5. #5
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    If your paddling style includes hard contact between paddle and gunwale, you may find aluminium more durable. Carbon will wear, and is seriously damaged by sharp impact from the side of the tube. Aluminium will dent, but probably remain usable for longer, given the same abuse. Having said that, I'm not saying aluminium is better; my paddles are nearly all carbon or wood.

  6. #6
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    I found the Ainsworth alloy shaft to be just so rigid and unforgiving that I risked injury using it even on modest whitewater. And its cold. Cheap though! I switched to wooden (Hammerhead) but quickly found myself with a carbon paddle thanks to a lucky second hand find, and in all ways its superior (not an Ainsworth).

    As an aside, I recently borrowed one of their Canoe River blades, and much preferred it to the C100 for both still and moving water. I've never liked the c100 blade, there's something odd about the way it tries to "float", though its powerful enough I guess.

    Personally, if you can stretch to a carbon blade (or one of the better/lighter glass blades) as well as shaft, its worth it if you're paddling w/w regularly.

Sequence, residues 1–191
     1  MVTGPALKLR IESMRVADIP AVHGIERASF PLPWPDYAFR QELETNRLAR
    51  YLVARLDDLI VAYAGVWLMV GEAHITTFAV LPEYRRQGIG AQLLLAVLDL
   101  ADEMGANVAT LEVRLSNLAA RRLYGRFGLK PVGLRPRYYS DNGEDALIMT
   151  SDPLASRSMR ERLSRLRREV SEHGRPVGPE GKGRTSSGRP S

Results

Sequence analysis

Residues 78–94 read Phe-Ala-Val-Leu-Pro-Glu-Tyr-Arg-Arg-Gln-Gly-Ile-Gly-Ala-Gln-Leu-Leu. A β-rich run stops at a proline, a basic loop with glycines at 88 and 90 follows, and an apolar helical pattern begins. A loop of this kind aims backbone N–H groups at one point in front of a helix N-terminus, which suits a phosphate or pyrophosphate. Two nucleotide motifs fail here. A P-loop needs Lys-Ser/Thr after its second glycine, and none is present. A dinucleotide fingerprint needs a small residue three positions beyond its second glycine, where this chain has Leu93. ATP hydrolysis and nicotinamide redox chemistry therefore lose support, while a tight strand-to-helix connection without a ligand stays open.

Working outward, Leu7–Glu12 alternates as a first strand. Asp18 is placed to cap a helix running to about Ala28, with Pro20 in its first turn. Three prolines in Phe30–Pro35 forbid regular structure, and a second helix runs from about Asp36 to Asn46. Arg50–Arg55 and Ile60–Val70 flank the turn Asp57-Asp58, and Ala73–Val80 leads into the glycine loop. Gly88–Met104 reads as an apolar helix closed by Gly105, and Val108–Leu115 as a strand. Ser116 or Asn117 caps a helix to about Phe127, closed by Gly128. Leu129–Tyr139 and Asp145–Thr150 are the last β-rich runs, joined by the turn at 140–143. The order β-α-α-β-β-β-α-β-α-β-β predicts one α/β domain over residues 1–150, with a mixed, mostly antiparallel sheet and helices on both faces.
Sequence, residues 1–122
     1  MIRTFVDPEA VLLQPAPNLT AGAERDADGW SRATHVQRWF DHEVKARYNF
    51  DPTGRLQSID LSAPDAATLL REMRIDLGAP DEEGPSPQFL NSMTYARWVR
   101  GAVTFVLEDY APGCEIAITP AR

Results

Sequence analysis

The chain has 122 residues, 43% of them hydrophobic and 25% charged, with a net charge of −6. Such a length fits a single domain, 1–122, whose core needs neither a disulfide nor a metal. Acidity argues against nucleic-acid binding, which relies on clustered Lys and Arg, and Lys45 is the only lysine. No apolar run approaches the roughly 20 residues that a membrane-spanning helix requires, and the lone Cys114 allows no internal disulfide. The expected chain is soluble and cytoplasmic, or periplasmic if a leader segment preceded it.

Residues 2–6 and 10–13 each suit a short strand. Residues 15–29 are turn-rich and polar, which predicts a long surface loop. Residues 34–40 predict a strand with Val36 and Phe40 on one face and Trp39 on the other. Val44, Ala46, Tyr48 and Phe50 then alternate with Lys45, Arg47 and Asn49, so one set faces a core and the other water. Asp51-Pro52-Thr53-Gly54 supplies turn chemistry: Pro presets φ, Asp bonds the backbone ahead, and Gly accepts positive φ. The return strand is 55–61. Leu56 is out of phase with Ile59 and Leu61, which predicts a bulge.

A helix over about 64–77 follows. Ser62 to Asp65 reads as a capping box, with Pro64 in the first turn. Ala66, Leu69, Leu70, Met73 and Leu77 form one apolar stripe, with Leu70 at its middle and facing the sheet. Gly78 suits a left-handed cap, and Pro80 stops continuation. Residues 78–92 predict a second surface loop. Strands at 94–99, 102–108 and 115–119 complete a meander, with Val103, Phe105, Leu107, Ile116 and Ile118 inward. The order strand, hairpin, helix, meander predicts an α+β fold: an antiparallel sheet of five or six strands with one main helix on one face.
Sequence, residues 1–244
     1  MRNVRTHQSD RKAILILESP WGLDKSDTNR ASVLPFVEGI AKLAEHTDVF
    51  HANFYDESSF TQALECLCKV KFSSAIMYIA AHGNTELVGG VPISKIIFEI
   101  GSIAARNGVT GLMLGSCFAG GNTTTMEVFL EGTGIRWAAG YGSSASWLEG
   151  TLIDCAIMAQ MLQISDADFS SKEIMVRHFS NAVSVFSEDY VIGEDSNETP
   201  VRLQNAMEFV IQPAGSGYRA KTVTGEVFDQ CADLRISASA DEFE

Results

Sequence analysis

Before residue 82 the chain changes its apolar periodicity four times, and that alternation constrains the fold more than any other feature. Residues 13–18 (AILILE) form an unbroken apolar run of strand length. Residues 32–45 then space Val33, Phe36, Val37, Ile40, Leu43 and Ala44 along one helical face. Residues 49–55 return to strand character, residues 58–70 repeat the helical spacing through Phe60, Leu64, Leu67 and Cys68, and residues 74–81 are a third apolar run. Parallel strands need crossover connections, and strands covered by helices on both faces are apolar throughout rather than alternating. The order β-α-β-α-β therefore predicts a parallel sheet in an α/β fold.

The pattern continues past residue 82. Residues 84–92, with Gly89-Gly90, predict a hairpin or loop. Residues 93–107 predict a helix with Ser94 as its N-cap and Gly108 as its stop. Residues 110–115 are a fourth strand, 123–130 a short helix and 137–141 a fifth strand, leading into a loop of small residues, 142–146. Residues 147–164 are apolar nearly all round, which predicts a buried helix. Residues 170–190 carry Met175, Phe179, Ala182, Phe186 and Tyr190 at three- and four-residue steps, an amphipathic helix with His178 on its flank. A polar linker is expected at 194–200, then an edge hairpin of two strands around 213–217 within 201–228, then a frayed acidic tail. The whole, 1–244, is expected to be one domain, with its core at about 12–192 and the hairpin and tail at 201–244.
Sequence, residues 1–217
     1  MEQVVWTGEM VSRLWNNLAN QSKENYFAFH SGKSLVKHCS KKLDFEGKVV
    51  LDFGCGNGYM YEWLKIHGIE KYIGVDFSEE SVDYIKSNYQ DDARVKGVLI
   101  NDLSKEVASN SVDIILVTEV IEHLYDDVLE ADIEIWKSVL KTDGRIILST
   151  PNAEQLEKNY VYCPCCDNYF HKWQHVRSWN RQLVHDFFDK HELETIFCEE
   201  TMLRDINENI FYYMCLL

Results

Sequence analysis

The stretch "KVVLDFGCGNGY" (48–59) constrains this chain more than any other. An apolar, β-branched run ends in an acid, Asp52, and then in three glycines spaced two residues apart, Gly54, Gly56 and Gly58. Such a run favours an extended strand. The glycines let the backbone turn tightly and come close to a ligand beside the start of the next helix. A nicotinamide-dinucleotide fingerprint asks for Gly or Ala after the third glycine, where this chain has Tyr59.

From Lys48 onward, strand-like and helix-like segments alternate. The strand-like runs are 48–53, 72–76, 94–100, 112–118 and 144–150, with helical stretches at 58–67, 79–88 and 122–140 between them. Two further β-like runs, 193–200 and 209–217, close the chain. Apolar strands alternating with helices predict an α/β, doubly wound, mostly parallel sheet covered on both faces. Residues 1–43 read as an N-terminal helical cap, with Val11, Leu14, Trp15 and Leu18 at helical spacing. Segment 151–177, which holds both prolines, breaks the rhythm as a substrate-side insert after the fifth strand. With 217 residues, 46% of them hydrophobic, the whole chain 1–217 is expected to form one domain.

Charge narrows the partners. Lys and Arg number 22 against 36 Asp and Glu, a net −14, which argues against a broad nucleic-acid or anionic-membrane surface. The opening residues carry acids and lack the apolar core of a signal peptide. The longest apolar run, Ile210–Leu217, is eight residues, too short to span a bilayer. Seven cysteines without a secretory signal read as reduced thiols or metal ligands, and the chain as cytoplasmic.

7. #7
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    My carbon shafted paddles have removable handles, and my gunnels are alloy, and I pry off the gunnel when needed (well actually more than that). So I take of the handle, thread a brightly coloured heat shrink tube over the shaft, heat, shrink, replace handle.

  8. #8
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    Not that it is such a big deal but you might want to note that all which is black and composite is not carbon. The Nantahala and the Bandit for example have black shafts but these are glass and I think have very slightly more flex than their carbon equivalent albeit they are quite stiff.

  9. #9
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    In prying off gunwales I've shredded wooden paddle shafts and stripped the heat shrink off aluminium shafted canoe paddles. Bare aluminium oxidises, is cold and getting the resulting black off your hands after a days paddling with your back-up paddle can take quite a lot of doing. My Werner Nantahala has seen tons of abuse and it still appears minty. As Adrian says it's a glass rather than a carbon shaft.